Many modern motorcycles and ATVs on the market use AGM batteries to reduce likelihood of acid spilling during cornering, vibration, or after accidents, and for packaging reasons. The lighter, smaller battery can be installed at an odd angle if needed for the design of the motorcycle. Pedal bicycles also use these batteries for homebrew lighting.
Due to the higher manufacturing costs compared with flooded lead–acid batteries, AGM batteries are currently used on premium vehicles. As vehicles become heavier and equipped with more electronic devices such as navigation, stability control, and premium stereos, AGM batteries are being employed to lower vehicle weight and provide better electrical reliability compared with flooded lead–acid batteries.
New 5 series BMWs from March 2007 incorporate AGM batteries in conjunction with devices for recovering brake energy using regenerative braking and computer control to ensure the alternator charges the battery when the car is decelerating. Vehicles used in auto racing may use AGM batteries due to their vibration resistance.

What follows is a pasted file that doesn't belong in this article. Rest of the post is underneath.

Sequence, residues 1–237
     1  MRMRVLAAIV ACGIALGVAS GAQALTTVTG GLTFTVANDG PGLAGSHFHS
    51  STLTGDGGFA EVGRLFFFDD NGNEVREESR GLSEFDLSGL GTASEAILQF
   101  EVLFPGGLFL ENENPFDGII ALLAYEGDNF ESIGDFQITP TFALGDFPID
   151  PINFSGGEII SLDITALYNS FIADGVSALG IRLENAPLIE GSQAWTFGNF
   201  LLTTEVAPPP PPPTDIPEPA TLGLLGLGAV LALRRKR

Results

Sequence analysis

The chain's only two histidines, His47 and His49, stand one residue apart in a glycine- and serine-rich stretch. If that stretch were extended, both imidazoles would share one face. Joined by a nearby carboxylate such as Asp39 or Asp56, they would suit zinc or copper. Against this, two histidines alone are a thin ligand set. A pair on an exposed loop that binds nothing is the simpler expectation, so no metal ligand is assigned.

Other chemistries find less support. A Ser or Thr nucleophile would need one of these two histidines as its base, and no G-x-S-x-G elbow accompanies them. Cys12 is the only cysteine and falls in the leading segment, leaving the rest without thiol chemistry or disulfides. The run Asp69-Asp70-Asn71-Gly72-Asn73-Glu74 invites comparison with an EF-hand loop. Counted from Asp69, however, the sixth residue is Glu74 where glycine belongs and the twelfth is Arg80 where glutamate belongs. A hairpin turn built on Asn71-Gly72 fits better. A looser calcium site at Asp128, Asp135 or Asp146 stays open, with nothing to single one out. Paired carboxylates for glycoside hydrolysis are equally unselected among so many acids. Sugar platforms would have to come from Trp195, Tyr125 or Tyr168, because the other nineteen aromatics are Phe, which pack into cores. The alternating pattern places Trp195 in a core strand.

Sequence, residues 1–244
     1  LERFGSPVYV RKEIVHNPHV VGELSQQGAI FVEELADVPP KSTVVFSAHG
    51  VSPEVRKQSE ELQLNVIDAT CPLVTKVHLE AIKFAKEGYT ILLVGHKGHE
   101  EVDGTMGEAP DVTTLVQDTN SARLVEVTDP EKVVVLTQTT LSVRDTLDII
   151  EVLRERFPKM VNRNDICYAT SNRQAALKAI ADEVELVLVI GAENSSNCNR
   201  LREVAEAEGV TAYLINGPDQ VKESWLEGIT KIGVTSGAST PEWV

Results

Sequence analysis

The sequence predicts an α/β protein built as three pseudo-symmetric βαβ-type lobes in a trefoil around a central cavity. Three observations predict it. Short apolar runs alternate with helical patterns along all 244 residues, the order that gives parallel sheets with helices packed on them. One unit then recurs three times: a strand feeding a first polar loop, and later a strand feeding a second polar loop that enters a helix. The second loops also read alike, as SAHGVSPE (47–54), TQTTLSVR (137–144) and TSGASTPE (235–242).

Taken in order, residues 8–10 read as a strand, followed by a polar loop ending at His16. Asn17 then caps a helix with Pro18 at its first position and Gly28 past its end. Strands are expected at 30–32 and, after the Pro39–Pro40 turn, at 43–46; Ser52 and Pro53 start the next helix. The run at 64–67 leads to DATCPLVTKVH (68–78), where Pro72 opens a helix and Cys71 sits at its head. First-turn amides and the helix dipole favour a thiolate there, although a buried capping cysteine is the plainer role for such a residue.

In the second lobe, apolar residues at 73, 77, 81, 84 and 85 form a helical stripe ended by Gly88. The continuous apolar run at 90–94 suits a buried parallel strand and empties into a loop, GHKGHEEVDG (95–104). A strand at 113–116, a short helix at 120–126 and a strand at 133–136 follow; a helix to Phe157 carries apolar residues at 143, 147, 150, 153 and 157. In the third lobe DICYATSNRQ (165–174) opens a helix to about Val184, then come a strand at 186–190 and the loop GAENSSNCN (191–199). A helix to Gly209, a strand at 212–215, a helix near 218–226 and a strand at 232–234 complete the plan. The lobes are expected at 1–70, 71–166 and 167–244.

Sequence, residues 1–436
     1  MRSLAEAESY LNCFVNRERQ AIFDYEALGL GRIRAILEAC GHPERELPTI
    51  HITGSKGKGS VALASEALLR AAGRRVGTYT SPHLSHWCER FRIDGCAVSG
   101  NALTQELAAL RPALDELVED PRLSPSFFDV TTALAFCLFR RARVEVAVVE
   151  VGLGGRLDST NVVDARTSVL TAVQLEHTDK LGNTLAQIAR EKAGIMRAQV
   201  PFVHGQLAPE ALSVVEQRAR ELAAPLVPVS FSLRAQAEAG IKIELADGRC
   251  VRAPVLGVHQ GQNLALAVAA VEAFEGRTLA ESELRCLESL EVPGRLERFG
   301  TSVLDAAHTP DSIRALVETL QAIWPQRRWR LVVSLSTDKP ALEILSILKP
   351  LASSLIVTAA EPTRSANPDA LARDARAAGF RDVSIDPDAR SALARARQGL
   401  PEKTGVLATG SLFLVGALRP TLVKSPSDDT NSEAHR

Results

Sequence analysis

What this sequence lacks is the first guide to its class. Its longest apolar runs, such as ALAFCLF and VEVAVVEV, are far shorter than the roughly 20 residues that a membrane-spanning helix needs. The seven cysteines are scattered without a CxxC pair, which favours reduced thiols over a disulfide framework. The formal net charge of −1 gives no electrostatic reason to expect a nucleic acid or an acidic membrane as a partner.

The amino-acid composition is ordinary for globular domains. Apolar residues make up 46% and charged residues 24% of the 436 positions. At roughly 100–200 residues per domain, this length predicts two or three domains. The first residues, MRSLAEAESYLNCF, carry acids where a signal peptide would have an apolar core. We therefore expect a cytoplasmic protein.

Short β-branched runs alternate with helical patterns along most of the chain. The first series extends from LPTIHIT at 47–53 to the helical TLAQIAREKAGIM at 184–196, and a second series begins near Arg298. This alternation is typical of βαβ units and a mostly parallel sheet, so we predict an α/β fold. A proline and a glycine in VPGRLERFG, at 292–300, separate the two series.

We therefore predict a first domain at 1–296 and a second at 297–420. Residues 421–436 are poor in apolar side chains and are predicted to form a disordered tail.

AGM batteries are routinely chosen for remote sensors such as ice monitoring stations in the Arctic. AGM batteries due to their lack of free electrolyte will not crack and leak in these cold environments.
VRLA batteries are used extensively in power wheelchairs, as the extremely low gas and acid output makes them much safer for indoor use.
VRLA batteries are also the standard power source in sailplanes, due to their ability to withstand a variety of flight attitudes and a relatively large ambient temperature range with no adverse effects. Both AGM and Gel cells are commonly used in powered aerobatic aircraft, for the same reasons.
- ^ a b c d e f g h David Linden, Thomas B. Reddy (ed). Handbook Of Batteries 3rd Edition. McGraw-Hill, New York, 2002 ISBN 0-07-135978-8, Chapter 24
- ^ *M.S. Clark LEAD-ANTIMONY, LEAD-CALCIUM, LEAD-SELENIUM, VRLA, NI-CD. WHAT’S IN A NAME?, Battcon 2009 paper discussing types of battery systems, page 12-6
- ^ Donald G. Fink and H. Wayne Beaty, Standard Handbook for Electrical Engineers, Eleventh Edition,McGraw-Hill, New York, 1978, ISBN 0-07020974-X pages 11–116